A Glimpse of Opportunity
A Glimpse of Opportunity
“I’m not sure who was more excited – students or instructors,” remarked Zach Pechacek on behalf of the MCC contingent. “None of us knew how much this industry entailed.”
As MCC’s SkillsUSA director and industry coordinator of construction education, Pechacek is always on the lookout for ways students can gain hands-on experience and learn about opportunities available to them in all areas of the construction industry. “A recent multi-million-dollar investment in construction education has made MCC a go-to place for trades programs,” he explained, which include architecture and civil engineering, construction, electrical, HVAC, plumbing, welding and more. “Our programs are designed to provide students with real-world experience,” he said, but the trip to BCMC was “an eye-opener” and a very different experience than a visit to “your typical construction site.”
After a brief overview of the industry presented by the SBCA Emerging Leaders Committee, the visitors broke into four groups, each led by a component manufacturer, and rotated between plate supplier software demonstrations and various exhibits throughout the show floor.
Shawn Overholtzer from Simpson Strong-Tie encouraged the students to look into careers in the industry and emphasized how software is driving the future. “There is so much room for innovation and new talent,” Overholtzer remarked.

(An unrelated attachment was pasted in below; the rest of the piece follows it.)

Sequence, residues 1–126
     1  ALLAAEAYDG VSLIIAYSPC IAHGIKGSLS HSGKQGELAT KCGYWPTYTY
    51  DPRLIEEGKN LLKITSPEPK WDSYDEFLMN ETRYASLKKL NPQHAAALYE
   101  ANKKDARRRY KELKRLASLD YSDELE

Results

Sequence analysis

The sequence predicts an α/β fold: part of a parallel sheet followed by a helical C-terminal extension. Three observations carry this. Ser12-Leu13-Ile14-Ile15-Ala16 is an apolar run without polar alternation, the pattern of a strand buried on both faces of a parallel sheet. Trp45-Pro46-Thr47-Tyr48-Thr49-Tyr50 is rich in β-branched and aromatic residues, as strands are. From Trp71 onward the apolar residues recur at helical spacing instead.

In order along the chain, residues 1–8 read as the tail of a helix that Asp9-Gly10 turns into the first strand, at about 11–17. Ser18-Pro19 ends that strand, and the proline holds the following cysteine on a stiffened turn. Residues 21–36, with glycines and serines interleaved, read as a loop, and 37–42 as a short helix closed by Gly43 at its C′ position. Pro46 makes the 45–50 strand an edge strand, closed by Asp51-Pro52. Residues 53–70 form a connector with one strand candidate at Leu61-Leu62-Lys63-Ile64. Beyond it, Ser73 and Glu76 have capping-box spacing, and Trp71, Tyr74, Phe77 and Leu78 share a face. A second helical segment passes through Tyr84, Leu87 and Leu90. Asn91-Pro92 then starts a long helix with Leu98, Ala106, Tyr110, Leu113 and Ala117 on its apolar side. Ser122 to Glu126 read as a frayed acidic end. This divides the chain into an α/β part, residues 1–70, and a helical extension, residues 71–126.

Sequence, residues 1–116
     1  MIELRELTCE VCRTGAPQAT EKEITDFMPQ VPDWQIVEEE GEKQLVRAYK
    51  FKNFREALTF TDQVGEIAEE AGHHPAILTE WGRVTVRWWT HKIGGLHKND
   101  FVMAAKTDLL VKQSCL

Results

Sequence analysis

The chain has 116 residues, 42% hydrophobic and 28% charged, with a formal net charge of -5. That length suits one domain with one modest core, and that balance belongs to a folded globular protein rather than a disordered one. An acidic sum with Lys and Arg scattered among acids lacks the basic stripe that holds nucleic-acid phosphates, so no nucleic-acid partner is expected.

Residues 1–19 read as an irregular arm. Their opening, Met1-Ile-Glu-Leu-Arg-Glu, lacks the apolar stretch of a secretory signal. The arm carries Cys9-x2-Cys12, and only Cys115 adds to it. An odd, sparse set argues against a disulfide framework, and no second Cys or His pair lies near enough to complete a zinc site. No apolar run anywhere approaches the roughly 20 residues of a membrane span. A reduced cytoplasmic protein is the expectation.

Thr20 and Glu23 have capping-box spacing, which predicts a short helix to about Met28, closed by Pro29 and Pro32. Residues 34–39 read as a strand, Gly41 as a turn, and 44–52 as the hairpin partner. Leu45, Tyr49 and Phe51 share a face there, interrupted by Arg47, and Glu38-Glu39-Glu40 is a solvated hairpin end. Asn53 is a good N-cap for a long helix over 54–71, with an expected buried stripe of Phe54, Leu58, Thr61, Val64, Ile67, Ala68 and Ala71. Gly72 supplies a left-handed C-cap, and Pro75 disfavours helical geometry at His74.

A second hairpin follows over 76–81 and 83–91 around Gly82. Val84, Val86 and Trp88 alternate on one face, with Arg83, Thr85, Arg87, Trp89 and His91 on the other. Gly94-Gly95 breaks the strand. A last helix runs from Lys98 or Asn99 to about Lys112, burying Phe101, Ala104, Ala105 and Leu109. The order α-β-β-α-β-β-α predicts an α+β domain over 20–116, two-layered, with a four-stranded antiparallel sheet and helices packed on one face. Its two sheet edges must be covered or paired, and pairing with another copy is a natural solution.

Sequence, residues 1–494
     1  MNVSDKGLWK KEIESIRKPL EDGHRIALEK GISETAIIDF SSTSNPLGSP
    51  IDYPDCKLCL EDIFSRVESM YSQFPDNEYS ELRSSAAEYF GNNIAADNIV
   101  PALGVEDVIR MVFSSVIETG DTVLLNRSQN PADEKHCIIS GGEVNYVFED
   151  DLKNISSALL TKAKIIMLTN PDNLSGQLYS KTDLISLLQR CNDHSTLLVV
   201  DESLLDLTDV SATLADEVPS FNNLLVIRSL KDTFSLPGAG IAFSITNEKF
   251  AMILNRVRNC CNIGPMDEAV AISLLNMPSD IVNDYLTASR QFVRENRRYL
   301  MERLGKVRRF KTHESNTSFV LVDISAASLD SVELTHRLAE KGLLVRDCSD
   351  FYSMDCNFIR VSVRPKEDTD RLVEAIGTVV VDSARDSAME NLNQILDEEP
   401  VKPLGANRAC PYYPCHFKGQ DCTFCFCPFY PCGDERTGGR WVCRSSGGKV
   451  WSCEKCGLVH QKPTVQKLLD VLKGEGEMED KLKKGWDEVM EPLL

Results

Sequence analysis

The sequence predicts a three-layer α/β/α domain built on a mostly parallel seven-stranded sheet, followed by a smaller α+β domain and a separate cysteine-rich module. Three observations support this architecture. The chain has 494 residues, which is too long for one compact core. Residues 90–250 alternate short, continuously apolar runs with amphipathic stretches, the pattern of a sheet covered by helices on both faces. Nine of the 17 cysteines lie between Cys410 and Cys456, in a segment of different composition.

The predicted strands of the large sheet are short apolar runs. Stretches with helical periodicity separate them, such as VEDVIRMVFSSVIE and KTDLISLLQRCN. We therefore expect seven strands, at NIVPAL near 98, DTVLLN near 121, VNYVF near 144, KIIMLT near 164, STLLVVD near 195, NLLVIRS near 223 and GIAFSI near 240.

“What impressed me is the attention the students paid to the various exhibitors as they made their way around the show floor,” observed Mike Noonan, vice president of marketing at Cascade Mfg Co in Cascade, Iowa. “We and the exhibitors made a point of explaining to the students that there are career opportunities in welding, computer programming and project management in the industry. I don’t think the students realized this before, and it seemed to pique their interest. We wanted to impress upon the students that a four-
year degree is not required to make a good living in this industry.”
Simran Nijjar, an associate engineer at California TrusFrame in Perris, California, also noticed that the students really enjoyed speaking to vendors and asking questions. “The students loved walking around and seeing the machines in action,” he said, and they were “getting some really good advice.”
“What struck me the most was the excitement of the students when they saw the automation in our booth,” reported Michael Klein of MiTek. “They were interested in the fact that each piece of equipment was speaking to the other pieces of equipment on the floor.”
Liz Lisiecki at Alpine agreed. “When our saws started to move and cut, we had everyone’s attention,” she said. “When they learned about the speed, the complexity of the movements and the price of a machine, you could see the amazement in their faces.”
“It was good to show the next generation a glimpse of what our industry has to offer,” said Larry Northway, production manager at Engineered Building Design in Washington, Iowa.
“Exposure like this is a good thing,” echoed Pechacek. Students don’t often think about the whole process in detail until they see it firsthand. This event is just the beginning of an important relationship between MCC and CMs in the greater Omaha area. Pechacek said he came away with some interesting ideas to enhance his students’ Capstone project – a house that is built in three pieces inside the MCC construction education lab and then moved to the jobsite. Thanks to an invitation from a local manufacturer, “this year may be the first time our students can be involved in the design and production of the trusses used in their house,” he said. Stay tuned!